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Tuesday, June 25, 2024 | Back issues
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North Carolina Senate moves toward legalizing medical marijuana

The North Carolina Senate has moved forward with a bill to legalize medical marijuana, but the measure lacks support in the House.

RALEIGH, N.C. (CN) — The North Carolina Senate passed a bill Monday night that would impose restrictions on the hemp industry and legalize medical marijuana. 

The bill, which passed 36-10, establishes a legal limit on the consumable concentration of THC that can be sold, allowing edible products to have a THC concentration up to 0.3%. It also allows doctors to prescribe medical cannabis to patients who have debilitating health conditions.

The bill, which had bipartisan backing, will now be sent back to the House. Despite the fact that both chambers have Republican majorities, the House is not expected to take the bill up for a vote, as Speaker Tim Moore has said that the House lacks Republican support to take up the measure. 

“I have said since day one, that as a representative I support the medical cannabis use with appropriate supervision. I don't have an issue with it,” said Moore. “But it has been a very divisive issue in our caucus.” 

Senate President Pro Tempore Phil Berger said he considered the bill to be the “right thing to do” and that he hoped the House would take it up. 

Some Senate Republicans, however, were staunchly against the measure. 

“Marijuana is not a medicine,” argued Senator Norman Sanderson on the floor. “It’s not FDA approved. It can’t be prescribed by a doctor, it can’t be filled by pharmacists. It’s not medicine.” 

“I have done research for marijuana for years, especially the last six years,” said Sanderson. “What I’ve found is it causes more harm than good.” 

He called the bill a mistake, warning senators that, once passed, there would be no walking back the legalization. 

Democrats voiced support for the legislation but also raised concerns that protections for children weren’t strong enough. 

“I support the provision of the bill regarding medical cannabis, but there is still real work to be done to better protect kids given the bill’s authorization of adult use intoxicating cannabis in North Carolina,” said Attorney General Josh Stein in a statement. “I call on the General Assembly to do so. We can and must do more to keep kids safe from THC access and poisoning.”

The bill requires cannabis products to have child-resistant packaging. Medical cannabis must also be placed in additional exit packaging that is also child-resistant. Edible cannabis and cannabis-infused products cannot be designed to appeal to children, and cartoons, toys, and candy cannot be depicted on the labels. 

The bill would also prevent the legalization of recreational marijuana if it was federally recognized, a last-minute amendment Monday night, which raised challenges from Democrats, who contended that federal law would supersede state law.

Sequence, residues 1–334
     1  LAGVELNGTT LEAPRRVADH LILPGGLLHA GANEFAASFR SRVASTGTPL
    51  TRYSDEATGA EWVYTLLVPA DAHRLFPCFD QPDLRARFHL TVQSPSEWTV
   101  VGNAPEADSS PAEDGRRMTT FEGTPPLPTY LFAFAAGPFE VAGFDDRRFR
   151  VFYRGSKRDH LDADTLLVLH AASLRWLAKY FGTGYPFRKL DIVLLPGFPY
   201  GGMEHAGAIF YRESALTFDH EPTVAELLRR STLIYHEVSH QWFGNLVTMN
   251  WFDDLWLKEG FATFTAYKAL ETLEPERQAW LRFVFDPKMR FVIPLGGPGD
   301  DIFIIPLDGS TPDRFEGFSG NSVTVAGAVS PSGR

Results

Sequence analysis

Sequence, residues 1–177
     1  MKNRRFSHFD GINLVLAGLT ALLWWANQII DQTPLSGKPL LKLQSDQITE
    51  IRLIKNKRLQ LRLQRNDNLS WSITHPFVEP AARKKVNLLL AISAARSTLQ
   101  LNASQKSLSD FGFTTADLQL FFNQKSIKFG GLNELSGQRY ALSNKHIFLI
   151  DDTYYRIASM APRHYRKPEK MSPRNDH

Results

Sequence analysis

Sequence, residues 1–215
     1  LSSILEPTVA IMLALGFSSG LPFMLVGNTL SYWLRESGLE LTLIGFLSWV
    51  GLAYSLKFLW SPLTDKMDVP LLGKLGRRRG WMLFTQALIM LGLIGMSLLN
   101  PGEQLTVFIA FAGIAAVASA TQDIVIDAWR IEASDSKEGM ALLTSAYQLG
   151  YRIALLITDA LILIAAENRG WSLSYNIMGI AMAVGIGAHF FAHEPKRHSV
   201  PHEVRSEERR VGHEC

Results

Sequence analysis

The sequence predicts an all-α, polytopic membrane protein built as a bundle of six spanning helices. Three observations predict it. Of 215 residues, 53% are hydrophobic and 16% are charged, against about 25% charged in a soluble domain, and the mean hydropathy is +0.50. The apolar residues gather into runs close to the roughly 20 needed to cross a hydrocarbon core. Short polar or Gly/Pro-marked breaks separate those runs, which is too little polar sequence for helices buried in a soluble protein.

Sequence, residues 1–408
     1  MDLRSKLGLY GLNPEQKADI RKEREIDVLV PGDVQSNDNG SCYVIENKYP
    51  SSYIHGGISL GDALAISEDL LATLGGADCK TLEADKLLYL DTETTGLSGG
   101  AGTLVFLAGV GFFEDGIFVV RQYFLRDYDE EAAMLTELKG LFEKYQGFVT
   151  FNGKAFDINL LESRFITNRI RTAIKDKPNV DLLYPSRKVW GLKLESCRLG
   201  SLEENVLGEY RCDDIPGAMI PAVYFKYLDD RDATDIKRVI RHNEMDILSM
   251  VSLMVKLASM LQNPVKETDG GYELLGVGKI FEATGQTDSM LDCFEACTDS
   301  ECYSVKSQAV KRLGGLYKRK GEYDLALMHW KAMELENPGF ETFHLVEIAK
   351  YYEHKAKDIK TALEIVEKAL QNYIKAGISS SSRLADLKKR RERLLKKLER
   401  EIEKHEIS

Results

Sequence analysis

If passed, the legislation would create the Compassionate Care Act, which would allow physicians to prescribe cannabis and infused products to patients with debilitating medical conditions such as cancer, sickle cell anemia and Parkinson's disease. Patients in hospice care or who have a terminal illness with a life expectancy of less than six months would also be eligible to be prescribed medical cannabis. Providers would give the patient with a written certificate detailing their dosage and the delivery method of cannabis, which they could purchase from medical cannabis centers. 

Those centers would be heavily restricted and unable to advertise in public spaces, on TV, in print or online. They would not be allowed to claim their product has health benefits, and would be required to make their logo and signage “tasteful” and medically focused, without marijuana leaves or neon signage on their packaging, logos and buildings. 

The bill would also enact restrictions on the hemp industry. It would make 21 the minimum age to purchase consumable hemp products, require identification to be presented at purchase or delivery, and create criminal penalties for adults who give products to minors.  

The bill also gives the state the ability to generate tax revenue from the cannabis industry, as all consumable cannabis products would have a 10.5% state tax. Suppliers would also pay a fee of 10% of their gross revenue from their sale of cannabis and cannabis products. 

Suppliers and manufacturers would be required to submit monthly financial reports to the Department of Revenue and quarterly reports of products that are sold and manufactured. 

“Medical marijuana is important,” said Democrat Senator Gladys Robinson. “But I do want to also urge us to make sure we put in place safeguards in terms of hemp.” 

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Categories / Government, Health, Politics, Regional

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